Additionally, it is very secure.

Prof. Xu explained, "The implementation of this technology eliminates the possibility of the leakage of iris and other biometric information. Human eye information contains the attention mechanism of the human brain, and human intention can be analyzed by tracking eye movement. User authorization is required to use the eye-tracking information."

Making and testing the smart contact lens

The researchers used four RF tags and embedded them in a silicone elastomer. Silicone is what regular contact lenses are made from, making these smart contact lenses biocompatible. This setup was tested to minimize toxicity to the cornea, which could lead to corneal inflammation.

A portable sweeping frequency reader was kept nearby to record and analyze the signals from the RF tags (it serves as the machine part of HMI).

The researchers demonstrated that their smart contact lenses can detect gazing directions and real-time gazing points, which could be used for robot control and software interaction.

Further, they showed that the lenses are very stable and can be worn for up to 12 hours in different environmental conditions. They have also shown that the lenses can detect eye closure.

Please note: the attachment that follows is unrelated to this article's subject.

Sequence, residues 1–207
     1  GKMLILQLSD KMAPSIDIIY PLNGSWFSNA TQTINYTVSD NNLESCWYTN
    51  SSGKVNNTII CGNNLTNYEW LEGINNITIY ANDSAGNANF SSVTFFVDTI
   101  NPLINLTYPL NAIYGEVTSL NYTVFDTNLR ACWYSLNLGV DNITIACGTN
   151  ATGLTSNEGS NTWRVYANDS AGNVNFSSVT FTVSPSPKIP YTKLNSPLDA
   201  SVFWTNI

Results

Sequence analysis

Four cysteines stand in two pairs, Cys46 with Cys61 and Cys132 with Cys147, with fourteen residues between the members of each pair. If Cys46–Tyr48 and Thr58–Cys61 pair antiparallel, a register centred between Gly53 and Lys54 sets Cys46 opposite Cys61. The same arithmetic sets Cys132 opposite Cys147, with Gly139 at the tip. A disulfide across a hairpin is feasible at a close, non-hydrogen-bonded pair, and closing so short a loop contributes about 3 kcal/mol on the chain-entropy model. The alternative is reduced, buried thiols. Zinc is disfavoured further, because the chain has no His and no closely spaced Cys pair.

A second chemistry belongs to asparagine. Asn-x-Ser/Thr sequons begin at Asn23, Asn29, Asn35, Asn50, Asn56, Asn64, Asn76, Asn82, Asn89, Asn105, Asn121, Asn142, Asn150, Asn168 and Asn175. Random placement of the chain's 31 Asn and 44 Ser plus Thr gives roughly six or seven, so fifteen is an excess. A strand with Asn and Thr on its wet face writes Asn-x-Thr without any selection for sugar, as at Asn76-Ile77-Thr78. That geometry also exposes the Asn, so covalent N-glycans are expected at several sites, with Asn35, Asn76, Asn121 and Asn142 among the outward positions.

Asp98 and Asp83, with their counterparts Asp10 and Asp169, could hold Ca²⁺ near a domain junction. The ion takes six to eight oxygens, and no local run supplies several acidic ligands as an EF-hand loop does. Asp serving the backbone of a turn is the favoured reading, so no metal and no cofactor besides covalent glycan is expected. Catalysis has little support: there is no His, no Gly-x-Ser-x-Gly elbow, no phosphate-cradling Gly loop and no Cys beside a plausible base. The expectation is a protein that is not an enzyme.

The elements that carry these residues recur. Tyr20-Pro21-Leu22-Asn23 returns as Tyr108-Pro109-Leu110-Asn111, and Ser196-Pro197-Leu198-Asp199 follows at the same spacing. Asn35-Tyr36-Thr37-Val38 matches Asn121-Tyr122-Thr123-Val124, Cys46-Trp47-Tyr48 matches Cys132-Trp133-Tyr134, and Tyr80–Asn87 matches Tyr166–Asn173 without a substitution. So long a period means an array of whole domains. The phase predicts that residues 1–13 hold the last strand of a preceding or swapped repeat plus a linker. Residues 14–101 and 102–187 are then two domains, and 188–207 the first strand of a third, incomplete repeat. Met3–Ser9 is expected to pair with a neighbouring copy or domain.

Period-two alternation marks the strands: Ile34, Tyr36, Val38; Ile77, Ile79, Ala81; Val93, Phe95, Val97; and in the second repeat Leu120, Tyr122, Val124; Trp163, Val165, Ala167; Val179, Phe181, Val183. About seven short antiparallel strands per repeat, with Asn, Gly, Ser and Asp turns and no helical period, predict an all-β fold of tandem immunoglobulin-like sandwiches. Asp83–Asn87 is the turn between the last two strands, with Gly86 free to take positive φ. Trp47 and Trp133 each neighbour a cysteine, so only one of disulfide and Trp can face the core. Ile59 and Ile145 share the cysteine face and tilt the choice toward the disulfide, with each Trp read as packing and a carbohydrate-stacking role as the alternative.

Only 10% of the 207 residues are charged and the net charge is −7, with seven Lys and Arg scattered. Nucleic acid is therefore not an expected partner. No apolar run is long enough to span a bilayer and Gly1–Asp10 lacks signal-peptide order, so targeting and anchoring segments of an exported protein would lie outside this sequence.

One of the key aspects of these is their high angular accuracy, which enables eye command recognition for broader HMI applications.

"Our eye-tracking contact lenses are highly accurate, with an eye movement angle accuracy of less than 0.5 degrees, even smaller than the provided by the fovea. The fovea is the densest area of cones in the retina, providing high-definition imaging and where attention is focused," said Prof. Xu.

They also showed how eye commands can control games like Gluttonous Snake and can be used for web browsing. Moreover, they conducted in-vivo experiments in rabbits to verify the lenses' function and safety.